Maine already implemented its own marking program over the summer, and throughout the planning and proposal process, officials were led to believe those changes were sufficient. However, the final rule included additional changes to the state’s gear marking systems, blindsiding government and industry officials, and fishermen. 


According to Keliher, the last-minute change “will not only compound the economic burden on fishermen who previously modified their gear, it also undermines the trust necessary for fishermen to engage in the rule-making process, and means Maine will think twice about being proactive when it comes to federal rules.”


The gear modifications required by the rule will go into effect May 1, 2022, which is the start of the American lobster/Jonah crab fishing year. The changes to the seasonally restricted areas are expected to go into effect a month after they are entered into the Federal Registry, which is expected shortly.

Since 2017, 34 right whales have been killed, according to NOAA; 21 were in Canadian waters and 12 were in the U.S. 

Eleven incidents were attributed to ship strikes, including two in U.S. waters. No right whale deaths have ever been specifically linked to the Maine lobster industry, though many entanglements cannot be traced back to a specific state or fishery.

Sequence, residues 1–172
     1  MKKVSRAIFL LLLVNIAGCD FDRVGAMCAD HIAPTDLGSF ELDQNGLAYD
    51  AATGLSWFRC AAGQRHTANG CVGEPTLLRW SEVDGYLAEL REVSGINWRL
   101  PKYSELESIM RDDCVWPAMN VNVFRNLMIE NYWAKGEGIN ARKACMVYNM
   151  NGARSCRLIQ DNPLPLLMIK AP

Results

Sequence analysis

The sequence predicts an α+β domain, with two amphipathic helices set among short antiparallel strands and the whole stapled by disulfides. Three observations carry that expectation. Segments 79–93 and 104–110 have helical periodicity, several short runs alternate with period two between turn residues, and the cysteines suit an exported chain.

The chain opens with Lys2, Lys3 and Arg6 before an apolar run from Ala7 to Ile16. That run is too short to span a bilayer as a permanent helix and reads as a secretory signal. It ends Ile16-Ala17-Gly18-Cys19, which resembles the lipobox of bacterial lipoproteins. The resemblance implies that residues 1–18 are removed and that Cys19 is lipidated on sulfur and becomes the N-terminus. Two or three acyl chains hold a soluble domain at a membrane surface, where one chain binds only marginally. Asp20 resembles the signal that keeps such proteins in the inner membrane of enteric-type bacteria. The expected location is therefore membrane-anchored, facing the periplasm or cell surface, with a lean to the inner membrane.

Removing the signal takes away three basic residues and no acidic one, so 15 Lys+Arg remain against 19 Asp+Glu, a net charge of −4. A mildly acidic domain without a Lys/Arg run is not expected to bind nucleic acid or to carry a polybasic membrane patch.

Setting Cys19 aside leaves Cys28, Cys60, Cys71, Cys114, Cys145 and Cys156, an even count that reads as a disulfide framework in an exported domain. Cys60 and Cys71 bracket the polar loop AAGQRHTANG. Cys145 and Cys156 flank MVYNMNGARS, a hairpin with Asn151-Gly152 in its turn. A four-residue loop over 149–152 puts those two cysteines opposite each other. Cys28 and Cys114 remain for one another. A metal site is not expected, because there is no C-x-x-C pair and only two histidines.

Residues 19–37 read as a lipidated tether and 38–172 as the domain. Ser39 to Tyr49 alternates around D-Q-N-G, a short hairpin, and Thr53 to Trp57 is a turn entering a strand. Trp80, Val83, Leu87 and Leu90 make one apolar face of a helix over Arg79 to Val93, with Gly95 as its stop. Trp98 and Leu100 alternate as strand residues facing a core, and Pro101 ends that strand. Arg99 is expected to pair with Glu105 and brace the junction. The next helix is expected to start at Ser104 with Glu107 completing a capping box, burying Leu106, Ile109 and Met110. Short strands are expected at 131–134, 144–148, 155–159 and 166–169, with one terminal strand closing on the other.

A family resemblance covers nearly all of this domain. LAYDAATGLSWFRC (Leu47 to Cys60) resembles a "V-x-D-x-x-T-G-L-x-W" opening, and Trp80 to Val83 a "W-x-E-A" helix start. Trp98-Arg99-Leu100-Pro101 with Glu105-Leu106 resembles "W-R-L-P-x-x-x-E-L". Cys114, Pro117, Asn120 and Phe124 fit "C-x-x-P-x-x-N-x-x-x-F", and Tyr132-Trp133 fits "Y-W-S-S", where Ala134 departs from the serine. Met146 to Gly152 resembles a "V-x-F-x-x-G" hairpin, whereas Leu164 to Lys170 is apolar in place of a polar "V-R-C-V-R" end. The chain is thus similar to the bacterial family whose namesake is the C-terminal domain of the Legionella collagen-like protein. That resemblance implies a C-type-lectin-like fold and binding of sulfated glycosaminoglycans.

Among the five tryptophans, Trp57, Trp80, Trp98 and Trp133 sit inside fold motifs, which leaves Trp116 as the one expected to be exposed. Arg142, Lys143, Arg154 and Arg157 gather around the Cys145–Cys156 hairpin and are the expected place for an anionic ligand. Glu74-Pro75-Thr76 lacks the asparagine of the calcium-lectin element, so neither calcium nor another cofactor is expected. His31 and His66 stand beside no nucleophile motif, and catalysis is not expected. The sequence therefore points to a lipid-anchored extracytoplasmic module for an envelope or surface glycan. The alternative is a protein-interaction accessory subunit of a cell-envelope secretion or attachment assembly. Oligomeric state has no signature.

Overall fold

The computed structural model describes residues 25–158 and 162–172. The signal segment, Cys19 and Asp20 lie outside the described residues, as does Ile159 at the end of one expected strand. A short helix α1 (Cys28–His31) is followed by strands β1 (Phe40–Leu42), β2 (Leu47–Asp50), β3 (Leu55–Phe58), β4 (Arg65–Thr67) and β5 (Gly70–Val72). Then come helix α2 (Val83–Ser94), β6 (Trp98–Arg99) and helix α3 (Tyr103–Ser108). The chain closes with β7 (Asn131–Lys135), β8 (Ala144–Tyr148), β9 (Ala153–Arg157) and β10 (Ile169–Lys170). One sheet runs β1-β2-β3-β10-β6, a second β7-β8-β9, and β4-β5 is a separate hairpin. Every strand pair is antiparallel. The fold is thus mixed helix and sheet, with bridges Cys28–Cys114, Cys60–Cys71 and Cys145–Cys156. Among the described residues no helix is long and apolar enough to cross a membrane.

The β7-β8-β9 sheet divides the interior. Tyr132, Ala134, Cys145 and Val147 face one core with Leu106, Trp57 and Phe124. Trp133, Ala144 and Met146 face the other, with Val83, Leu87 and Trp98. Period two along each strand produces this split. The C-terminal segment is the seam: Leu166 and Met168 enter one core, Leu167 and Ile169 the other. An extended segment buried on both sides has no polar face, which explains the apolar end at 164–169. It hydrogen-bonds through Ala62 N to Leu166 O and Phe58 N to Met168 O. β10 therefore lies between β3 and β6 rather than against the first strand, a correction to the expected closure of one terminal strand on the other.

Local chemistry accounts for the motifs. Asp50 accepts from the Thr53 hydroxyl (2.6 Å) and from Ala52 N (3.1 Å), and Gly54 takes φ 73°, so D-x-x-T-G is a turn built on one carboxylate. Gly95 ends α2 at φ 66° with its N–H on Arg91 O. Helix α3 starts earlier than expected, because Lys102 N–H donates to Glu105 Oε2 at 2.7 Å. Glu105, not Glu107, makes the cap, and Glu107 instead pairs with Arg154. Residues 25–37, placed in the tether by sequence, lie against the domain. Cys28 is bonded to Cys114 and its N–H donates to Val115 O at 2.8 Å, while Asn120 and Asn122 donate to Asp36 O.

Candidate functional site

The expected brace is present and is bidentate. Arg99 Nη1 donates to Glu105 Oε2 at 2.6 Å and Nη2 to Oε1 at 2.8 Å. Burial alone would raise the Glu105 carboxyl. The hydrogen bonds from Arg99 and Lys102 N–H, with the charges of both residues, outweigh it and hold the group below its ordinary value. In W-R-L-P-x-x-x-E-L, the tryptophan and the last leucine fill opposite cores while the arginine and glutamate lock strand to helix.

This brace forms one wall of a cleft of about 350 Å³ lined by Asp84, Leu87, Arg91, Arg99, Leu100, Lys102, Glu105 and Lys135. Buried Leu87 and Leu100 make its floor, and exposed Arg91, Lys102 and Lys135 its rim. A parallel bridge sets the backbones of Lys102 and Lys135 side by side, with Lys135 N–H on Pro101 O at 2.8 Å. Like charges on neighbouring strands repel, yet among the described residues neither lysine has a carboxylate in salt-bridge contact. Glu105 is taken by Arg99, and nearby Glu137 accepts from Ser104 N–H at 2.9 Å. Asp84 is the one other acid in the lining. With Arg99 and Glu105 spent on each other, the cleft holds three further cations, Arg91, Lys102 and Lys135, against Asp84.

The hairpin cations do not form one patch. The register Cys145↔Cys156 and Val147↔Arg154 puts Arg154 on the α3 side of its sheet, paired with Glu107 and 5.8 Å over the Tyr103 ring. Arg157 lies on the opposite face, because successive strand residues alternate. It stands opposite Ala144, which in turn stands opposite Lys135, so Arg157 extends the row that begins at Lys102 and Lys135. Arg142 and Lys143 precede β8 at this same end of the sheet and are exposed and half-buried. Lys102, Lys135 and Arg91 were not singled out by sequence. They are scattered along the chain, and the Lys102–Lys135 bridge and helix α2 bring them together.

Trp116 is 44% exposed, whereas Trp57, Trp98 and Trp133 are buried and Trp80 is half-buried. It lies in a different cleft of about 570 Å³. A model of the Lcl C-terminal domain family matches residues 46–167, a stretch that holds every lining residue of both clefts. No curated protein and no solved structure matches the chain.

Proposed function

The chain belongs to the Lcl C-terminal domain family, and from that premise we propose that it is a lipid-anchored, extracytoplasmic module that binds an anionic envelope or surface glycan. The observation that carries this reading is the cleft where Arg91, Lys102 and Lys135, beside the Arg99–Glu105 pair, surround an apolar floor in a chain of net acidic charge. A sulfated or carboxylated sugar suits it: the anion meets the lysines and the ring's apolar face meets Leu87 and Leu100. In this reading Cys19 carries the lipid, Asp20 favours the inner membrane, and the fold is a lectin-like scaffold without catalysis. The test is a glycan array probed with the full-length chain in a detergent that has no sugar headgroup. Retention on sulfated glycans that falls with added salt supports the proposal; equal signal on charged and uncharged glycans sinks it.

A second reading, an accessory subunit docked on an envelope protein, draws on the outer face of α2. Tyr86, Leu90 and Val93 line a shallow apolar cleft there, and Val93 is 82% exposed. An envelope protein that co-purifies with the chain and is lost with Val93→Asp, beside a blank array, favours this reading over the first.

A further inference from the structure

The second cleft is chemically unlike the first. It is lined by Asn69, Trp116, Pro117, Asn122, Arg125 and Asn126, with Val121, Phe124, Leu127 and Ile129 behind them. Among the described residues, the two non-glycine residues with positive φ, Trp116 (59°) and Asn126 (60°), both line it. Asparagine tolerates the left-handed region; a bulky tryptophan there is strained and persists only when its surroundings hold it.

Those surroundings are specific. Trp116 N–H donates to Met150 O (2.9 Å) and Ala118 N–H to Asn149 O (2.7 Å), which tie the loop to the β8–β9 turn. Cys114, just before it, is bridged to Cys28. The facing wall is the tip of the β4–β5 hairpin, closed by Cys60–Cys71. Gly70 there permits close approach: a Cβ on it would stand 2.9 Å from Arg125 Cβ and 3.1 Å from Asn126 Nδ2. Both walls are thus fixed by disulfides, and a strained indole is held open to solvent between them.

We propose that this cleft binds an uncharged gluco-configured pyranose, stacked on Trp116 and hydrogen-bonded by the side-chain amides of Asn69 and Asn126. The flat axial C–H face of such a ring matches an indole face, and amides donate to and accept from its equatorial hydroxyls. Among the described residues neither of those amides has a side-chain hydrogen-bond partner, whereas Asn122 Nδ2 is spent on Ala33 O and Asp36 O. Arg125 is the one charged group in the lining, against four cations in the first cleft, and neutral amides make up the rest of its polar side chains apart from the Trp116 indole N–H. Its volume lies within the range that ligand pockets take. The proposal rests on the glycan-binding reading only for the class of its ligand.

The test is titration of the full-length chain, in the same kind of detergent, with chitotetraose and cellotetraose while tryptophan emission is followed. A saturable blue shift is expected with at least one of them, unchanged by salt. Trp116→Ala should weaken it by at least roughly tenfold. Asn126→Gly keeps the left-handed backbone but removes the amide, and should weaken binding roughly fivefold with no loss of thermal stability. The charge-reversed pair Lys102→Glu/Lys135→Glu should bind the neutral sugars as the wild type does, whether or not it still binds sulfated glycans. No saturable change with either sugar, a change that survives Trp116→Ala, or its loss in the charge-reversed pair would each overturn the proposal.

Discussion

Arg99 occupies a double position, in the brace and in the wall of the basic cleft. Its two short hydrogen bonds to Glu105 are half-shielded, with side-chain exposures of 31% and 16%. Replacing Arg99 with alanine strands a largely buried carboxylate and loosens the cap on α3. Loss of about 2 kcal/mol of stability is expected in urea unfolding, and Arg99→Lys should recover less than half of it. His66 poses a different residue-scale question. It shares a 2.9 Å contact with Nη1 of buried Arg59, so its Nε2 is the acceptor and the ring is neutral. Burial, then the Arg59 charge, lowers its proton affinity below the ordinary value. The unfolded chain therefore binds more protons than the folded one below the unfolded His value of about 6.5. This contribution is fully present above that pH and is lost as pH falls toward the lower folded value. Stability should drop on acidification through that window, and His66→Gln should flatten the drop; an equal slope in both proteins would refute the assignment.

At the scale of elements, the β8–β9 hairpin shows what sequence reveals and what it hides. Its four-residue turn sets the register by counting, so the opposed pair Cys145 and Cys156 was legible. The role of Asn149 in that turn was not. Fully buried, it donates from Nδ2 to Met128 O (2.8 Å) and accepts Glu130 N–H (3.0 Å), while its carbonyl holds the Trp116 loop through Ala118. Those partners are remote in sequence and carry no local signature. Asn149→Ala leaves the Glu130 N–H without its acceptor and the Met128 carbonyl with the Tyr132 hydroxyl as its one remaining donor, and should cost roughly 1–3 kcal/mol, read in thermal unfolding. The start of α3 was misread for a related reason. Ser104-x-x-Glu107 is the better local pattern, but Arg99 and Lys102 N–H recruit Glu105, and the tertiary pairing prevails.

The most recent known Maine entanglement occurred in 2004, but the whale survived.


With only about 368 of the endangered whales still alive, that reflects almost a 10 percent decline in their population in under five years. An estimated 85 percent of right whales show signs of entanglements, according to officials. 

The new plan does not include measures to help prevent ship strikes or reduce mortality and serious injuries in Canadian waters, which together account for the majority of right whale deaths.

Putnam and other lobstermen said they hope Maine’s elected officials will stand up for the industry, but many were not optimistic any change will be forthcoming.

In a letter to fishing industry members publicized Wednesday, Gov. Janet Mills said she and the state’s congressional delegation are working on a path forward to “address the concerns” of the administration and the lobster industry.

“Protecting the right whale population must be done through regulations that are fair, that are safe for fishermen, and that accurately reflect the reality in the Gulf of Maine,” Mills said in the letter, but that NOAA’s new regulations “disregard fishermen’s time, money and safety.”